Whereas our results with primary lymphocytes and fibroblasts implicate caspases in addition to caspases 2 and 9 in the initiation of apoptosis, the accompanying paper, Ekert et al. (2004) shows that the hallmarks of apoptosis failed to appear when myeloid progenitor cell lines lacking both caspases 2 and 9 were deprived of growth factor, but that programmed cell death still prevented their clonogenic survival. These findings and those with transformed human cell lines (Lassus et al., 2002) can be reconciled with our conclusion that caspases 2 and 9 are not essential for loss of viability per se, if some cell types but not others use these caspases to accelerate apoptotic cell demolition.
Materials And Methods
Caspase-2+/−9+/− mice were generated by intercrosses of mice deficient in caspase-2 (129/sv) (O'Reilly et al., 2002) with caspase-9+/− (C57BL/6) mice (Kuida et al., 1998). Embryos and 3-wk-old mice were genotyped by PCR. Hematopoietic reconstitution was performed as described previously (Marsden et al., 2002) from fetal liver cells of embryos with a caspase-2−/−, caspase-9−/−, or caspase-2−/−9−/− genotype (all mixed C57/BL6-129Sv, Ly5.2+) or wild-type (C57/BL6 Ly5.2+) embryos.
All microscopy used either a Stemi SV11 or an Axioplan 2 microscope (Carl Zeiss MicroImaging, Inc.). The latter used objective lenses (magnification/numerical aperture: 5×/0.15 and 10×/0.30; Carl Zeiss MicroImaging, Inc.). Images were recorded with a Axiocam and Axiovision software (Carl Zeiss MicroImaging, Inc.).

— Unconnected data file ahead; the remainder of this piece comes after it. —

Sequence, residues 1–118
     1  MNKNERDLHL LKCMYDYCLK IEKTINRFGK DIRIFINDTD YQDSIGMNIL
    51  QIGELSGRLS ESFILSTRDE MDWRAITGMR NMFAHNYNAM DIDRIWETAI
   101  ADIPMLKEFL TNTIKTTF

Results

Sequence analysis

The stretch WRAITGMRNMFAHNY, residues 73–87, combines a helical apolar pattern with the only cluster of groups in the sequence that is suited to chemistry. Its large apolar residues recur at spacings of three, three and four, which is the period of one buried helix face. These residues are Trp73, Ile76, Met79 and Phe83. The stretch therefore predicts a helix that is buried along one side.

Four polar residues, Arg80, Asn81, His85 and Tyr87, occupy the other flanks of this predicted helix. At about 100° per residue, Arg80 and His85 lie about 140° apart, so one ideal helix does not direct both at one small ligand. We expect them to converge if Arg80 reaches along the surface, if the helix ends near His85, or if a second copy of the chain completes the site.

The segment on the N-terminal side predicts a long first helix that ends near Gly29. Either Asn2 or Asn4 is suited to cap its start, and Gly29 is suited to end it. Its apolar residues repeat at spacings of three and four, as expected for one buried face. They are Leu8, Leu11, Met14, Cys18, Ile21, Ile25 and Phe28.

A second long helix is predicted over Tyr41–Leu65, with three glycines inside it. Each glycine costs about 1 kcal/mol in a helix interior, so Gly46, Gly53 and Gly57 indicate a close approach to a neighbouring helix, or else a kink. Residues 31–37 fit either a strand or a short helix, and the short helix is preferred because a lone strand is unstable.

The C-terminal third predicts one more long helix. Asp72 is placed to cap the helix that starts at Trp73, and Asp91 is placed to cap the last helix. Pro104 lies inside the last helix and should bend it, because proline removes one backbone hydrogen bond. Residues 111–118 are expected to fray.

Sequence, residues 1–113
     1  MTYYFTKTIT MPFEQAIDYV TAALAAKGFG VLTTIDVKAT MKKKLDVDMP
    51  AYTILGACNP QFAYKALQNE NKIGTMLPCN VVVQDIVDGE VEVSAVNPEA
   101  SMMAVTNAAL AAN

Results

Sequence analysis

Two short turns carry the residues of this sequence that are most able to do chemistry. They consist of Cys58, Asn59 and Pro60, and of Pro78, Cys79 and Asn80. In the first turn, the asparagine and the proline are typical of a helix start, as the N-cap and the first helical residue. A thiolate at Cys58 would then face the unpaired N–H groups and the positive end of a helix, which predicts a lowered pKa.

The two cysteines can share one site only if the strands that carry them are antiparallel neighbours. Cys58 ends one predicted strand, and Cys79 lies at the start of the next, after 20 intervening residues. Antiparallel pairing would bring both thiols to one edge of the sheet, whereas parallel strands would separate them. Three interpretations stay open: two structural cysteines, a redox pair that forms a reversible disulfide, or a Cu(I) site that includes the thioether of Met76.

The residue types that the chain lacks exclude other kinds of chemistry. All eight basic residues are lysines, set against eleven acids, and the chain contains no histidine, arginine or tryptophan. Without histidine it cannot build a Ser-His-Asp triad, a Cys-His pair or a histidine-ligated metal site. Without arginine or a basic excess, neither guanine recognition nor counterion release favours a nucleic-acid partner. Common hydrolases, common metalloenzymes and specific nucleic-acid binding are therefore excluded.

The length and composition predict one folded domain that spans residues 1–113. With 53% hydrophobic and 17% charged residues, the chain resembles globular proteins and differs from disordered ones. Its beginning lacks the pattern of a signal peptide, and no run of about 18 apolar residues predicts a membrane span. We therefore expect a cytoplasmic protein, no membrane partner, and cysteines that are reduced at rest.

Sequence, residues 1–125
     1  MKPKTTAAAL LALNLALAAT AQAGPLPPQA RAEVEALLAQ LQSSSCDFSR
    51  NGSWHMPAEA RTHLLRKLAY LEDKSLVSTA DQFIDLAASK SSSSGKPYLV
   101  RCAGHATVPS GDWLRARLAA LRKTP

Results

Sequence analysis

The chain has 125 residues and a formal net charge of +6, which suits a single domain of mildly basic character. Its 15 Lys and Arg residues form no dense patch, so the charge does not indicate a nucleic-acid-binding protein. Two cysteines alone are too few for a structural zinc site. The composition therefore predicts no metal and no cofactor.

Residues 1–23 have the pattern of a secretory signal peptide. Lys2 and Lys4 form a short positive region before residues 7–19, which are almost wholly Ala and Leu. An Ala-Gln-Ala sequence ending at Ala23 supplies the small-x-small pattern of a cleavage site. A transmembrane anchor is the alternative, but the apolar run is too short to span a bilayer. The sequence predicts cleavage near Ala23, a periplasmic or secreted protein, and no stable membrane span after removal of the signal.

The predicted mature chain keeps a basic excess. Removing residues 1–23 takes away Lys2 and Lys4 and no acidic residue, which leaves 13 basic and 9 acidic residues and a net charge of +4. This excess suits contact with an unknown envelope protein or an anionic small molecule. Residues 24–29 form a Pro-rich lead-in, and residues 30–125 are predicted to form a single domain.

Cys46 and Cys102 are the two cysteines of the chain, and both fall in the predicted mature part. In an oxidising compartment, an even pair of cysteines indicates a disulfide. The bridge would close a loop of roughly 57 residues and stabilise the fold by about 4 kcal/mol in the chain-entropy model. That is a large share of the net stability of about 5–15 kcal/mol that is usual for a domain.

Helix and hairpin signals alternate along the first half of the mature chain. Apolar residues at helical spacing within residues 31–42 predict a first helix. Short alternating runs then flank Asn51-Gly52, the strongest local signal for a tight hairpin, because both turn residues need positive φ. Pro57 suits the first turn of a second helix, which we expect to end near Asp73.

Cells stained with fluorochrome- or biotin-conjugated surface marker-specific antibodies (Marsden et al., 2002) were analyzed using a FACScan (Becton Dickinson). Live and dead cells were discriminated by staining with 2 μg/ml propidium iodide (PI; Sigma-Aldrich). In cell sorting, host-derived (Ly5.1) cells were excluded.
Cells were cultured and T lymphoblasts generated as described previously (Marsden et al., 2002). Before death assays, the viable cells in stimulated spleen cultures were enriched by centrifugation over Ficoll-Paque Plus (Amersham Biosciences). Embryonic fibroblasts, cultured from E14.5 embryos, were used at early passage (n < 5).
Cell death assays
For cell death assays, cells were cultured at 0.2–1 × 106 cells/ml and treated with dexamethasone (Sigma-Aldrich) at 10–8–10–6 M, γ radiation (5 Gy from a 60Co source), PMA (Sigma-Aldrich) at 0.1–10 ng/ml, or etoposide (VP-16, David Bull Laboratories) at 0.1–100 μM. Cell viability was determined by staining with 2 μg/ml PI and analysis on a FACScan (Becton Dickinson). Alternatively, flow cytometry was performed on cells stained cells with FITC-conjugated Annexin-V. To measure mitochondrial transmembrane potential, cultured cells stained for 15 min with 40 nM 3,3′dihexyloxacarbocyanine iodide (DiOC6(3); Molecular Probes) were subjected to flow cytometry. The caspase inhibitors IDN-1965, IDN-6275 (gifts of K. Tomaselli and T. Oltersdorf, IDUN Pharmaceuticals, San Diego, CA), Q-VD-OPh (ICN Biomedicals), and zVAD-fmk (Bachem), as well as the inhibitors zVF-CHO, PD150606, ALLN, ALLM, and z-FG-NHO-Bz-pOMe (all from Calbiochem), were all solubilized in DMSO. Calpastatin peptide (Calbiochem) was solubilized in water.